Levienaise-Farrouch: The piece of music that’s written was not for her character, but for her interaction with William in the park when they go for a walk. That was more about representing the type of relationship that they have rather than her particularly. If it had represented her alone it would have been slightly more joyful and dynamic but this was more about their relationship and the fact that it’s romantic in a sense but not in an amorous way.

There’s no flirtation or innuendo happening but rather an appreciation. He’s fascinated by her youth. We had to have something that’s both restrained and warm. It was quite tricky to find something that didn’t feel too sweet or sugary but found this balance between who she is and who he is. That cue addressed her character the most.

AF: Can you talk about any experimenting you did with the instrumentation and what you fell in love with?

Levienaise-Farrouch: One of the early ideas was the use of vocals not necessarily with any words or lyrics but short vocal patterns, tones and sustained notes we had 12 singers- a small vocal ensemble the reasoning behind it is early in the film there’s a line of dialogue where they mention its rather like church and to me thinking back about British society in the 50s and earlier regardless of belief or being religious i didn’t try to make the score religious, but it felt like singing in a congregation was a very important part of community building and the fact of using those vocalists a mixed group of female and male vocalists would be a really interesting type of representation of community

AF: Can you tell me about the final cue? When it came down to recording and approval how did you revisit it and shape it into the perfection we hear now?

Levienaise-Farrouch: The cue that was the longest to write and needed some tweaks until the end is a cue that is playing on a train journey where all of Williams colleagues are discussing what happened in the few weeks just gone. It is a solo piano and a total of eight and a half minutes.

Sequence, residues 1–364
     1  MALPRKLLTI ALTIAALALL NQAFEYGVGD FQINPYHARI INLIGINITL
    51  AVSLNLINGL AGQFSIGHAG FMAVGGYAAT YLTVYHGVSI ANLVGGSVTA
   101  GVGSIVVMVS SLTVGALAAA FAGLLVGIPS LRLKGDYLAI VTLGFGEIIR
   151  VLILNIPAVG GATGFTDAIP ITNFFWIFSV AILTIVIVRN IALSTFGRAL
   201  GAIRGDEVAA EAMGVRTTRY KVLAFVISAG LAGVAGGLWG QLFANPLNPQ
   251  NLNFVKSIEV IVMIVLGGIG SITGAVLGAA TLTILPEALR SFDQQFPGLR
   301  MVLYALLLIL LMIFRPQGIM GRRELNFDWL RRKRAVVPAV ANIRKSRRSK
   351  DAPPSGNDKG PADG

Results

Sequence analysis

This cue has to completely accompany the things that are on screen and the realization of the four characters in the carriage but also the evolution of the narrative and what they’re remembering. That was tricky because you have to keep things simple enough for the dialogue to sing through and tailor everything so it matches everything that’s happening on screen. That was probably the final cue to write and took little adjustments to make sure everything was landing right. We then had to record everything on the piano that had the sound that I wanted.

AF: What advice can you give to composers and aspiring composers?

Levienaise-Farrouch: We are given a very short amount of time on Earth a vast majority of our time awake we will be working. If you find a way to do something that really matters to you and not for the validation of other people try to make as much space for it as possible. When you’re accomplishing something and you have a sense of overwhelming joy just keep going

AF: This is such rich conversation and such a rich film with so many layers and thought. This is such an amazing collaboration. Emilie we are very lucky to have you and you were lucky to find such a beautiful project.

Levienaise-Farrouch: They’re all so incredibly talented. It’s mind blowing and yes I was very lucky with this project.

About The Author

Founder, Awards Editor

Byron Burton is the Awards Editor and Chief Critic at Awards Focus and a National Arts and Entertainment Journalism Award winning journalist for his work at The Hollywood Reporter.

Byron is a voting member of the Television Academy, Critics Choice Association, and the Society of Composers & Lyricists (the SCL) for his work on Marvel's X-Men Apocalypse (2016). Working as a journalist and moderator, Byron hosts Emmy and Oscar panels for the major studios, featuring their Below The Line and Above The Line nominees (in partnership with their respective guilds).

Moderating highlights include Ingle Dodd's "Behind the Slate" Screening Series and their "Spotlight Live" event at the American Legion in Hollywood. Byron covered the six person panel for Universal's "NOPE" as well as panels for Hulu's "Pam & Tommy Lee" and "Welcome to Chippendales" and HBO Max's "Barry" and "Euphoria."

For songwriters and composers, Byron is a frequent moderator for panels with the Society of Composers and Lyricists (SCL) as well as The ArcLight's Hitting the High Note Oscar series.

Byron's panels range from FX's Fargo to Netflix's The Crown, The Queen's Gambit, The Witcher & Bridgerton; HBO Max's The Flight Attendant, Hacks, Succession, Insecure, & Lovecraft Country; Amazon Studios' The Legend of Vox Machina, Wild Cat, & Annette; and Apple TV+s Ted Lasso, Bad Sisters, and 5 Days at Memorial.

In February of 2020, Byron organized and hosted the Aiding Australia Initiative; launched to assist in the restoration and rehabilitation of Australia's wildlife (an estimated 3 billion animals killed or maimed and a landmass the size of Syria decimated).

Participating talent for Aiding Australia includes Robert Downey Jr., Michael Keaton, Jeremy Renner, Harrison Ford, Jim Carrey, Josh Brolin, Bryan Cranston, Hugh Jackman, Patrick Stewart, JK Simmons, Tobey Maguire, Alfred Molina, James Franco, Danny Elfman, Tim Burton, Kim Basinger, Robert Wuhl, Tim Allen, Colin Hay, Drew Struzan, and Michael Rosenbaum.